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The Humboldt County Board of Supervisors on Tuesday directed staff to hire an outside attorney to represent Auditor-Controller Karen Paz Dominguez during an internal investigation into the county’s fiscal management operations. However, that attorney likely won’t be the one Paz Dominguez specifically requested: namely, former Eureka City Attorney Cyndy Day-Wilson.
Instead, the board voted 4-1, with Fifth District Supervisor Steve Madrone dissenting, to have County Counsel Jefferson Billingsley make the hire. Amelia Burroughs, an attorney from the Eureka-based firm Janssen Malloy, has been identified as the top choice, but if she’s unavailable Billingsley has the go-ahead to choose someone else.
The hearing began with Fourth District Supervisor Virginia Bass, who’s now serving as board chair, inviting Paz Dominguez to explain why she wants Day-Wilson to represent her.
In a lengthy prepared statement, the auditor-controller offered a wide-ranging justification, relaying her perspective on various twists and turns in the months-long conflict between her office and other county departments.
Over the course of her statement, Paz Dominguez leveled a number of serious accusations at staff and the supervisors. Appearing via Zoom, she argued that the County Administrative Office and Human Resources Department lack the authority to investigate her independently elected office. She also said that she has been singled out, presumed guilty and publicly shamed in an attempt to discredit her. And she accused Billingsley of lying to the court — a charge he vehemently denied.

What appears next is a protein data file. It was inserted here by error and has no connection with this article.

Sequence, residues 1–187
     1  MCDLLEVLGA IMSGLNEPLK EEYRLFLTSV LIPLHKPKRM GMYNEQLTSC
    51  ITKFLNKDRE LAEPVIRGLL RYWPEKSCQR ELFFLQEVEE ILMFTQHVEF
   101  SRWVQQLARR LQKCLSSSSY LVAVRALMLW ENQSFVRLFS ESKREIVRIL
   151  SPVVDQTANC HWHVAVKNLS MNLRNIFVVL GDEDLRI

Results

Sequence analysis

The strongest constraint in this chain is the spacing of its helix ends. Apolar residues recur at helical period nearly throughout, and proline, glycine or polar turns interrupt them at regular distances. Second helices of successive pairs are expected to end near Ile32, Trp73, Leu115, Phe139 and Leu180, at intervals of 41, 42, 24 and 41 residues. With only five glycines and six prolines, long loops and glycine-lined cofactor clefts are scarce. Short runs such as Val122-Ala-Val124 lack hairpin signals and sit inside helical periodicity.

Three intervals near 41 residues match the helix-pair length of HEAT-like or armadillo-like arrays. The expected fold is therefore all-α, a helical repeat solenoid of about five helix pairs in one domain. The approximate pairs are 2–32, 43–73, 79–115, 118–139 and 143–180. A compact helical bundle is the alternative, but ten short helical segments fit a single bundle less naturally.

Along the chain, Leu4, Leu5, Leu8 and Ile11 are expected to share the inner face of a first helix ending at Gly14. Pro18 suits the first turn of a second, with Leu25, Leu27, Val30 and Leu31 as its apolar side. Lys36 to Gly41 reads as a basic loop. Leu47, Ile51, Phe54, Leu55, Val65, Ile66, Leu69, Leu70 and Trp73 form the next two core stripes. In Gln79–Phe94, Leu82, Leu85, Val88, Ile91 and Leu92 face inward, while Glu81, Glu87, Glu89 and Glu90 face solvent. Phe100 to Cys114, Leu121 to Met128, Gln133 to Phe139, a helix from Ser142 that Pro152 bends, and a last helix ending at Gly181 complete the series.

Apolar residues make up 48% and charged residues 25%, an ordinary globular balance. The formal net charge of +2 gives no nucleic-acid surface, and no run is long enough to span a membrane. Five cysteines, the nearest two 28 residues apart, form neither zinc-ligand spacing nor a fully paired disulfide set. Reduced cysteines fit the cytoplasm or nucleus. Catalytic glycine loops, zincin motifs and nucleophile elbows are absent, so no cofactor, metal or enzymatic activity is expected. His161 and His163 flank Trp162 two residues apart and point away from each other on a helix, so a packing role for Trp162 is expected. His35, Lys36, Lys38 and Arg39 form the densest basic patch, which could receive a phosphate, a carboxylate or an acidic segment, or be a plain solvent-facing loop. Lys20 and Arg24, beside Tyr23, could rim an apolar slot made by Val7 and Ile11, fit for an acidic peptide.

Paz Dominguez said that when she learned that an investigation had been launched into the county’s financial management practices, including those of her own office, she responded with a series of questions for both Billingsley and Human Resources Director Linda Le — questions that weren’t answered to her satisfaction.
More than once during her comments, Bass interjected, asking Paz Dominguez to “fast forward” and “get to the gist.”
But the Auditor-Controller said the entirety of her statement was relevant and important. She brought up a lawsuit filed in federal court more than two years ago by an anonymous plaintiff. The suit, which concerned FAA regulations, accused the Public Works Department of diverting revenue from the Aviation Department and alleged that there were attempts cover up findings from an outside consultant.
“Yet I am the one summoned for a special meeting,” Paz Dominguez said.